Koo Bon-moo, the chairman of South Korea’s fourth largest conglomerate that was the first to adopt a transparent shareholding structure among its units, has died. He was 73.
Koo died Sunday at 9:52 a.m. Seoul time as he did not seek extension of life after falling ill a year ago, according to LG Group in an emailed statement.
The patriarch will be succeeded by his adopted son, Koo Kwang-mo, 40, who was nominated to the board of LG Corp. on Thursday pending the approval of shareholders on June 29. Chairman Koo underwent multiple brain surgeries in recent years, Yonhap News Agency reported earlier.
He was the third generation of his family to run the conglomerate, known locally as the chaebol or “wealth clique,” after taking over the helm from his father in 1995. Koo adopted the holding company structure in 2003 and the group was later divided into four smaller parts, with Koo keeping the electronics, chemical and telecommunications businesses under his helm.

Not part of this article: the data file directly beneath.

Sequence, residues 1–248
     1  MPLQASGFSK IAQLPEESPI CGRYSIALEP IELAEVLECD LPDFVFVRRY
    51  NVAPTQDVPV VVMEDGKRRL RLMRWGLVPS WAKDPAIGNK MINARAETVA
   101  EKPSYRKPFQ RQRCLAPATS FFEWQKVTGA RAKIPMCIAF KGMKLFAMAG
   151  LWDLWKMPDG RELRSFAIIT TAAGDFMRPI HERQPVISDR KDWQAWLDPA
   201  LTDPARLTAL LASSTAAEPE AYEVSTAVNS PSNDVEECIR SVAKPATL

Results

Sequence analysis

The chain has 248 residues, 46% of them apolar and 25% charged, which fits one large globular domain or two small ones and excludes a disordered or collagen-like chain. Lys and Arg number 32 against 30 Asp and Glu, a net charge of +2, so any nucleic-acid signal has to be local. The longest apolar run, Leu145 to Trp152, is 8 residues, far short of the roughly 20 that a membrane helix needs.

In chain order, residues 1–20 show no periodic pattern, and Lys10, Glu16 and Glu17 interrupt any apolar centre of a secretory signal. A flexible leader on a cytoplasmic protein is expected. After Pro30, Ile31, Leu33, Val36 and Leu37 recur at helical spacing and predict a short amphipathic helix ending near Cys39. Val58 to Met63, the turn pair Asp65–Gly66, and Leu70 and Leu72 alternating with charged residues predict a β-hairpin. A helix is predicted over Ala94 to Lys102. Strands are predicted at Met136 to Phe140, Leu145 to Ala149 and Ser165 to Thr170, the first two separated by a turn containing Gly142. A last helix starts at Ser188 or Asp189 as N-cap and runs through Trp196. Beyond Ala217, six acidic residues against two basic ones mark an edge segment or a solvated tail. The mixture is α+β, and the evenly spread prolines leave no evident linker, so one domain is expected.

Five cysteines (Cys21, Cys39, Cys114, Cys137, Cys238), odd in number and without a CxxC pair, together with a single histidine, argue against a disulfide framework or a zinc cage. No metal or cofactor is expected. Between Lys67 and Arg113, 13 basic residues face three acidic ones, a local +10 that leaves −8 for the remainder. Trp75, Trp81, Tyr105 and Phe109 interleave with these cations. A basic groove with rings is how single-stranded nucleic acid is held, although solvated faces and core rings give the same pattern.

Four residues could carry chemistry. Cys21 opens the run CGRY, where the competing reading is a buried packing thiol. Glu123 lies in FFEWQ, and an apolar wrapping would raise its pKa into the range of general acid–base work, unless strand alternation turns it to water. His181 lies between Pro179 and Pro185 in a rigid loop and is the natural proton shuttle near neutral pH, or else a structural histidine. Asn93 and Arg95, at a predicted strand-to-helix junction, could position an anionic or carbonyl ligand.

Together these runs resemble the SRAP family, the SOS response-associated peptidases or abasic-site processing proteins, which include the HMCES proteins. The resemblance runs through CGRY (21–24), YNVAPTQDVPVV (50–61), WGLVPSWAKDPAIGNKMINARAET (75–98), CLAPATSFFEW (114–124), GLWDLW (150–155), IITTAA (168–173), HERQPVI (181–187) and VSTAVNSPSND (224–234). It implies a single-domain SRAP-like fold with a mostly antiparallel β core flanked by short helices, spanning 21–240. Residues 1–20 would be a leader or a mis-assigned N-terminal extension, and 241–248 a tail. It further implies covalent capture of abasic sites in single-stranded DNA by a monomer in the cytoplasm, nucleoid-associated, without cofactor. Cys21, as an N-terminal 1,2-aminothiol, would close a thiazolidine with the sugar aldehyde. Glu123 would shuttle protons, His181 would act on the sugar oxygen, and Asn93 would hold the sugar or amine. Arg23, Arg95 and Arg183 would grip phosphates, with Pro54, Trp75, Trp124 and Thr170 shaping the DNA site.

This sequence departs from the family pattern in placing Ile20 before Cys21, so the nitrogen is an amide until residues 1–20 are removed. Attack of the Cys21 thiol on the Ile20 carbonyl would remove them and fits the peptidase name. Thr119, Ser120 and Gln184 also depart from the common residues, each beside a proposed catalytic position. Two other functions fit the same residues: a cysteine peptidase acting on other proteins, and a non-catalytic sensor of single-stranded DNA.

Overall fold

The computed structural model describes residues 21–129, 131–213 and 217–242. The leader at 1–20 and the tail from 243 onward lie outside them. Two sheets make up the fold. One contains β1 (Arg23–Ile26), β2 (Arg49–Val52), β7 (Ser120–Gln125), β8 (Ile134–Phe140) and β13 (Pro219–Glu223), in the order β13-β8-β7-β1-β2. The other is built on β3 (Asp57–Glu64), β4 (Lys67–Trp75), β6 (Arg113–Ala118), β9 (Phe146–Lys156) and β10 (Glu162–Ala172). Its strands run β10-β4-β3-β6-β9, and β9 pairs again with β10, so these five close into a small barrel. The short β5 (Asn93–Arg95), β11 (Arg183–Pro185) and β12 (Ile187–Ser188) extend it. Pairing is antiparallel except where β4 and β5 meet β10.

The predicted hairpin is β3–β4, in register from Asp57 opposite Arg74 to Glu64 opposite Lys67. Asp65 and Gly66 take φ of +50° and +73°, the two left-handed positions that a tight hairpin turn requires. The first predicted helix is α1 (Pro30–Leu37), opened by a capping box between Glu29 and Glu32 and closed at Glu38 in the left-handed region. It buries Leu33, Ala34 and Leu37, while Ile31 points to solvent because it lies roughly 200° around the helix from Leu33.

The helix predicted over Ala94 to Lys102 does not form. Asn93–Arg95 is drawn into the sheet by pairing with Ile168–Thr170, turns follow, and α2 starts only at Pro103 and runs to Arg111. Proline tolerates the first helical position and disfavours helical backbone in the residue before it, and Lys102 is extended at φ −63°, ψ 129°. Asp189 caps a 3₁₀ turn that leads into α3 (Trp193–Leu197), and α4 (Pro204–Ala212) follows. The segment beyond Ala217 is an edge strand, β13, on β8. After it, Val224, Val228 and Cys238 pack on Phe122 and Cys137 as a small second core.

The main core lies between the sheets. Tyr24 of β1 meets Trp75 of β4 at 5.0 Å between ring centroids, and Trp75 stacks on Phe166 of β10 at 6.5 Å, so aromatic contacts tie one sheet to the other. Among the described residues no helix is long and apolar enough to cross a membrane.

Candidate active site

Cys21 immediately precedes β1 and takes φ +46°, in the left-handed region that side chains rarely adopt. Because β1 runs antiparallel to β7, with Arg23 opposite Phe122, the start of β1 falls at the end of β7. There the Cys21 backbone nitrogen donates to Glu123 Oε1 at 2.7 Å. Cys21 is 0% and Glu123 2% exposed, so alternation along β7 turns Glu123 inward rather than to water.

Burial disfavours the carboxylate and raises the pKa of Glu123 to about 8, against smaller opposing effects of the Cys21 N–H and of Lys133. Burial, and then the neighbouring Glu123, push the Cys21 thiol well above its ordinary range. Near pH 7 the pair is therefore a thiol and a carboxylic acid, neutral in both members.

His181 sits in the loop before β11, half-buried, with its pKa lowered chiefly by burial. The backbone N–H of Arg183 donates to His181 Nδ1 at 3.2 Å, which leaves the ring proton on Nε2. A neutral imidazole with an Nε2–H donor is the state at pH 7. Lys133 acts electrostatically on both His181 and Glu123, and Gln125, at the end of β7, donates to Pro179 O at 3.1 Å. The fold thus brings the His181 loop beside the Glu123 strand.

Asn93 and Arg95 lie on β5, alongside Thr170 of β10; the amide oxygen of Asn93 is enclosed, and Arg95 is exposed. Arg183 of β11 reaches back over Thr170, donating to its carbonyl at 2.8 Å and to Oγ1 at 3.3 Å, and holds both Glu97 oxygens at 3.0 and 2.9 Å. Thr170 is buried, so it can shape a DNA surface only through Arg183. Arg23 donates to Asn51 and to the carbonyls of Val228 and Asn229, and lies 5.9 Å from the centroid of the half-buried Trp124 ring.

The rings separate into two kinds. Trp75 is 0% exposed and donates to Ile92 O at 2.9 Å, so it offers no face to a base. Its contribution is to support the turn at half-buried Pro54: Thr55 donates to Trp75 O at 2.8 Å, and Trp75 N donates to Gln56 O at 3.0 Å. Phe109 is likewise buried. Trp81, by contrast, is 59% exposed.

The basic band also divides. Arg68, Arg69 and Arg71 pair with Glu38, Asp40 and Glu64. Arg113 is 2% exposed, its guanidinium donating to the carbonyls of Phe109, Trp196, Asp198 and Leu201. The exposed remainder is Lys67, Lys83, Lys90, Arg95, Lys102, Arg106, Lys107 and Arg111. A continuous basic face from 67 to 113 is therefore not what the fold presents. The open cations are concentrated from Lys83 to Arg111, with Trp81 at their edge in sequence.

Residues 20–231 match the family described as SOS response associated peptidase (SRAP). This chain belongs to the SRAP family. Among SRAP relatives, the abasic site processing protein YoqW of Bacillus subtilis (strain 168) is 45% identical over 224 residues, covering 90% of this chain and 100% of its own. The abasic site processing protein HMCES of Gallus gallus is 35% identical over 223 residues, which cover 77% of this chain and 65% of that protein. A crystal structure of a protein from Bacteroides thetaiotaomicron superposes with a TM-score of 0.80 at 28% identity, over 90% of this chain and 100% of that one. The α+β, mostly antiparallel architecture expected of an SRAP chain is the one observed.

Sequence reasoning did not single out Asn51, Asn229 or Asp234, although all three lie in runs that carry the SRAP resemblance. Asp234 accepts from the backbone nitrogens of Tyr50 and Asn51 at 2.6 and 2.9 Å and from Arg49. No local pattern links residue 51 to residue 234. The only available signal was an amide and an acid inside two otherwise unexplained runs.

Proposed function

Under Koo’s leadership, LG Group moved into businesses such as car batteries and energy in search for new revenue. LG Chem Ltd. has grown into a leading car-battery maker, providing its products to such automakers as Ford Motor Co. and Renault SA. In 2015, LG Electronics Inc. struck a deal to co-develop General Motors Co.’s Bolt electric vehicle.
During the 23 years Koo led the group, sales at LG Group increased more than five times to 160 trillion won in 2017 from 30 trillion won in late 1994, even after the tech giant’s spin-offs of affiliates to GS and LS groups in early 2000s. The number of employees doubled to 210,000 in the same period.